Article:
I finished God of Chaos this week and have started on a new project for Lent. The Sins Against Us will explore how we deal with others' sins and how it affects our relationship with God.
Since it is 2/20, here are the first 10 paragraphs of The Sins Against Us:
The dark streets of Portland were even darker thanks to the ever-present late-winter clouds and the pouring rain, but Pastor Devlin was not as concerned as others may have been. He had lived in the Pacific Northwest his entire life. A little dampness never bothered him. Umbrellas and rain ponchos were for tourists and transplants. Also, why should he be comfortable and warm and dry when his scattered flock were not able to enjoy the comforts most in the city took for granted?
A few hours before, he had received a frantic call from one of the women he was trying to get off of the streets, again. Polly had been in and out of the shelter Pastor Devlin ran with the help of area churches since she was 18 and now—10 years later—she was out on the streets again. And she was scared.
When Devlin had received the call in the middle of the night he was half asleep and she was frantic. He had had more than a few problems finding Polly’s last known position. Fortunately, though, Portland had worked at getting rid of the vast majority of pay phones, so there were fewer starting places than there had been when he had first met Polly. The thing about street people, though, was their transitory nature. If they were in trouble, they had plenty of places to hide. Polly had been on the streets of downtown Portland for years and had many holes in which to . Devlin went through his mental rolodex of likely hiding places until he was able to find the most likely place—dark, hard to get to, dry, and, most importantly, out of the way.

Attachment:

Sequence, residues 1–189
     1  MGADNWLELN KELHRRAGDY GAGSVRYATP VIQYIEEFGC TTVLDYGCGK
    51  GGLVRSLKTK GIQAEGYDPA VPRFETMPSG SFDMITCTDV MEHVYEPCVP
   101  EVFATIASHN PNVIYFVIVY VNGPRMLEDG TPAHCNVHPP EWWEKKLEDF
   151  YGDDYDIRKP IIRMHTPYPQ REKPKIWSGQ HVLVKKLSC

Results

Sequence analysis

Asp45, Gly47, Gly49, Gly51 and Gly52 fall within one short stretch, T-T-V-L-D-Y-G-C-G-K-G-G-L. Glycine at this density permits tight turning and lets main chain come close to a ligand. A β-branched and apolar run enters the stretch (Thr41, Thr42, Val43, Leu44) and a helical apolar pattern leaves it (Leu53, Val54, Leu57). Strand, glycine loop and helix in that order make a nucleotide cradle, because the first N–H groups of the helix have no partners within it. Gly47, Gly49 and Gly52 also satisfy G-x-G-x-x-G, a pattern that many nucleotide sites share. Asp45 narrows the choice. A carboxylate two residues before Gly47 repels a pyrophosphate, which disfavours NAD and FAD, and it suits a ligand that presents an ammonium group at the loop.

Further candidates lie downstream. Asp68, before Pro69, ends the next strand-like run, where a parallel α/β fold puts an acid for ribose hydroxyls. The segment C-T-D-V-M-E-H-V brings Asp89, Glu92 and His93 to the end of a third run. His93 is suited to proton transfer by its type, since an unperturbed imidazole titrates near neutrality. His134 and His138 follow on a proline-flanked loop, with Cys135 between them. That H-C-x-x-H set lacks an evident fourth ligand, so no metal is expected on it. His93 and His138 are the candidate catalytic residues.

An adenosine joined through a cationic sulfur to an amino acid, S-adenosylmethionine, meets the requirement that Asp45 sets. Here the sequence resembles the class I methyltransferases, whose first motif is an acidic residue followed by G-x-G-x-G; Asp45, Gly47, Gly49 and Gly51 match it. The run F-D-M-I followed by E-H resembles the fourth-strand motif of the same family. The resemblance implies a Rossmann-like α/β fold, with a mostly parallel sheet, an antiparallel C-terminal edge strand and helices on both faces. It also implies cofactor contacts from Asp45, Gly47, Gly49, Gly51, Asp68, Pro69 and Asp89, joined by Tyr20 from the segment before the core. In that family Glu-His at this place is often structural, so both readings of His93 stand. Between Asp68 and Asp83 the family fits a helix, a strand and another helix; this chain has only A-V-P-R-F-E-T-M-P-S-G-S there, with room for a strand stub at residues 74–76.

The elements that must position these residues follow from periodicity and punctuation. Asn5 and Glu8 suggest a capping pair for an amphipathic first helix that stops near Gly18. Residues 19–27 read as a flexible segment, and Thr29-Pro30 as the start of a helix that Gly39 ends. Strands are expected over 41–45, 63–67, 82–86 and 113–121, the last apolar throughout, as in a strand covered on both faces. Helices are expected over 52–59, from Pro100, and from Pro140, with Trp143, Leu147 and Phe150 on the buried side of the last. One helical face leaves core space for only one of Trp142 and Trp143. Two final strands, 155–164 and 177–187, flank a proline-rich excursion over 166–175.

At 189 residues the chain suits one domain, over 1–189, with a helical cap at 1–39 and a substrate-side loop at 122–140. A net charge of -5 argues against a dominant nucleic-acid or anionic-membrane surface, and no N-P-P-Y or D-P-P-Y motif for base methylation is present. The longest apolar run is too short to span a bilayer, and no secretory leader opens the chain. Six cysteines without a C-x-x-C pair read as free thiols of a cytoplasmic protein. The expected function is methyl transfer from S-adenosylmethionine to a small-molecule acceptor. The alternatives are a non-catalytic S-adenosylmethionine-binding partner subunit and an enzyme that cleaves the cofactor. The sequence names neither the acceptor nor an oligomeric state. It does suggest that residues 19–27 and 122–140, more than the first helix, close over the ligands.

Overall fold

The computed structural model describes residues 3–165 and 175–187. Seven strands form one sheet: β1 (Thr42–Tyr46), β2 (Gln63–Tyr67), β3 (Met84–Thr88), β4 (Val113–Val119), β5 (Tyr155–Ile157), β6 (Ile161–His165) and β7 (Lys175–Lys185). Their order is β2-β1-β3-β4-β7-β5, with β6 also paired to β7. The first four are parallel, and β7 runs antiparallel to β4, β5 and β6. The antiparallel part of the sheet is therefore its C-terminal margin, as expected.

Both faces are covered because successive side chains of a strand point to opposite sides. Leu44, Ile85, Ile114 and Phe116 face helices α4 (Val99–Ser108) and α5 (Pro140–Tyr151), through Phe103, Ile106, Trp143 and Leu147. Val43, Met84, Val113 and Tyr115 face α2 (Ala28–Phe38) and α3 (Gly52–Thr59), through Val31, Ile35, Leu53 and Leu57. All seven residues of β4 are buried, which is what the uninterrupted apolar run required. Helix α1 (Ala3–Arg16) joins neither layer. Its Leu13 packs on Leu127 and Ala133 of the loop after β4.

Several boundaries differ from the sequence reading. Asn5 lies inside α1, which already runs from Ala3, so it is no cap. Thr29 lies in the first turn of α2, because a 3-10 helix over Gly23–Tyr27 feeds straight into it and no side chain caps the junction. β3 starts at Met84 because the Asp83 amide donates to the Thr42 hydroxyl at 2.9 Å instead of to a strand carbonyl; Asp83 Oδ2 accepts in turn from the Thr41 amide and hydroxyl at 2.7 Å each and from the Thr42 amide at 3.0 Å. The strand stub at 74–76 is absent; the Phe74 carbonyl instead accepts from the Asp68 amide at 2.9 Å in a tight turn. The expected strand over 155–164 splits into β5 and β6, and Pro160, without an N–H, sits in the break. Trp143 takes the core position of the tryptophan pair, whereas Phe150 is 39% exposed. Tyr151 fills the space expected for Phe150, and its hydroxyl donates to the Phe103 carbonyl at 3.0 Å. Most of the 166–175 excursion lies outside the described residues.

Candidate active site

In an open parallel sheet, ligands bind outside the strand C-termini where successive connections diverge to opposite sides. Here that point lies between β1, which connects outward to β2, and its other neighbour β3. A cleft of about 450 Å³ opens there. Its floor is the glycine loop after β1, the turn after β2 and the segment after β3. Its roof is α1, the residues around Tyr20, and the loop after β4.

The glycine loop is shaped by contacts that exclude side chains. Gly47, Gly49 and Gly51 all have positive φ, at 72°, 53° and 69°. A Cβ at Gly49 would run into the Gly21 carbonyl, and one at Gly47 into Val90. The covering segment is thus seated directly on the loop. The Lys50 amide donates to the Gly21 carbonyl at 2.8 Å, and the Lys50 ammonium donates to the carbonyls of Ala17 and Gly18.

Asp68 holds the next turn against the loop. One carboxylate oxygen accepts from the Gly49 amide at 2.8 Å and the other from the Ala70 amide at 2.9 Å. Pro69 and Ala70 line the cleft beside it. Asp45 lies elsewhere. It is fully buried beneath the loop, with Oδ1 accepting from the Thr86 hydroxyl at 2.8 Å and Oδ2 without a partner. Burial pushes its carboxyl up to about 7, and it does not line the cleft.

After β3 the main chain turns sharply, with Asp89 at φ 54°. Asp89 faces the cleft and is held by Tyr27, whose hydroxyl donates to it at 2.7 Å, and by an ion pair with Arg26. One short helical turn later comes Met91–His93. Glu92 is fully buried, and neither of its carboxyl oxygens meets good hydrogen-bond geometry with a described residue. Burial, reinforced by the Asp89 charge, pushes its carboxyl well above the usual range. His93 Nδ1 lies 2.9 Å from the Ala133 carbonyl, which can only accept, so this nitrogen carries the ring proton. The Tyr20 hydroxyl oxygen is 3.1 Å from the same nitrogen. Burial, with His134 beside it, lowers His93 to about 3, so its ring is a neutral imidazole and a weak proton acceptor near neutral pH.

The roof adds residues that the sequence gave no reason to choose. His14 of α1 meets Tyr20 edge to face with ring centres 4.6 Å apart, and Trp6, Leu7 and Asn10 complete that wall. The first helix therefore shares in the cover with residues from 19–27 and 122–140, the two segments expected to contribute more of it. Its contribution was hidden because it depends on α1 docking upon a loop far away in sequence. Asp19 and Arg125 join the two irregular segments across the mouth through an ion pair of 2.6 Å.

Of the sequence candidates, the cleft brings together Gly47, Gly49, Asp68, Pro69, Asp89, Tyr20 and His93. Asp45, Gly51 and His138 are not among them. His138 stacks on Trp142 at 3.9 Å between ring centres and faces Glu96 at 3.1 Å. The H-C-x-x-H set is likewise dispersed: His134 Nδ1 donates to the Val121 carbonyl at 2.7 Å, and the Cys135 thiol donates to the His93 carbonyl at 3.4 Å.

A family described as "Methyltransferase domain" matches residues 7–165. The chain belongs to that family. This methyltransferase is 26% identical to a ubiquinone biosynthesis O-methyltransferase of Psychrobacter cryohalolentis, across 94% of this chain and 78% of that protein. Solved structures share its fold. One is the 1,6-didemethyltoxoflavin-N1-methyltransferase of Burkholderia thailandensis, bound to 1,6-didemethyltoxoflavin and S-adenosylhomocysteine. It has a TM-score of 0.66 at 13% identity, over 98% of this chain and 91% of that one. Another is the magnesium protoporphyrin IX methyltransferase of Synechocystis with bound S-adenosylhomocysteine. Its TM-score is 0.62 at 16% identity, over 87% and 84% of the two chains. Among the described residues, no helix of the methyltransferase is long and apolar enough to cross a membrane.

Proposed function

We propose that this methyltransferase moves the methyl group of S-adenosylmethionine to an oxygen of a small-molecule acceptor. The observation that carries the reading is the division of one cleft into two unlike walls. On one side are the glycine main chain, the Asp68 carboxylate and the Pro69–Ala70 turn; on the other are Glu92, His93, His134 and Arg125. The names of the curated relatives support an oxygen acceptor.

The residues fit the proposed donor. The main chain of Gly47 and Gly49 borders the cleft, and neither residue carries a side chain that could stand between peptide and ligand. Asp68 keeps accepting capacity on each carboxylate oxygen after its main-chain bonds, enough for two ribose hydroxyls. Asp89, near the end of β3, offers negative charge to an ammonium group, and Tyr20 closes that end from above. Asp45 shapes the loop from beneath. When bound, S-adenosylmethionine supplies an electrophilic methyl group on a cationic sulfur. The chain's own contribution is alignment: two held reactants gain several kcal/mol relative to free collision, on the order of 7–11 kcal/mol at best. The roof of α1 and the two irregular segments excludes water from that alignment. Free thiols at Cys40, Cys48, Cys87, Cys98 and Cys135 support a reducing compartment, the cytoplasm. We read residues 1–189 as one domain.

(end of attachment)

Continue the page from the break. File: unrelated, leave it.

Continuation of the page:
Many of the homeless in recent years had found unused access points to the old “Shanghai” tunnels under Portland and had begun using those to hole up for the night. The old, grizzled, world-wise pastor knew one of these was not far from the payphone Polly had used to call him.
With a sigh, Devlin adjusted his coat, pulled up his collar, and began walking.
After a more than fifteen years working with the homeless and being called on nights just like this, Pastor Devlin knew the streets well, most of the people on the streets knew him, and very few things scared him any longer. However, walking around that night, he knew something was wrong. Something was off. For the first time in quite a while, Devlin was scared.
Doing what he had done for as long as he had, Devlin knew the difference between spiritual oppression and fear. Demons did not like his work with the homeless and did whatever they could to stop him. However, with just a few words and some prayers, usually that oppression would cease. God had never failed to protect or to shield him.
However, this fear was different. It was primal. It was a fight-or-flight fear. It was the kind of fear that kept prey animals alive on the Serengeti in Africa. Something was hunting him. But something that was not human. He had been hunted by humans before; he had been in physical war zones where other humans were actively trying to kill him. He had been in spiritual war zones where the Enemy had been trying to vie for his spirit. This was neither. Or perhaps it was both. It was something he had never felt before, and hoped, in that moment never to feel again.
Instinctively, he knew not to cry out. If the predator that was out there had not yet noticed him, calling out for help would be… counterproductive. Not to mention, if Polly was around it would not go well for her. The 27-year-old, though she spent most of the last decade on the street, still was not as street-wise as she probably should have been.
Shepherds were supposed to protect their flock, and Devlin now knew that he must protect his scared, wayward lamb. A wolf was after his lamb, and it was his job to protect her.
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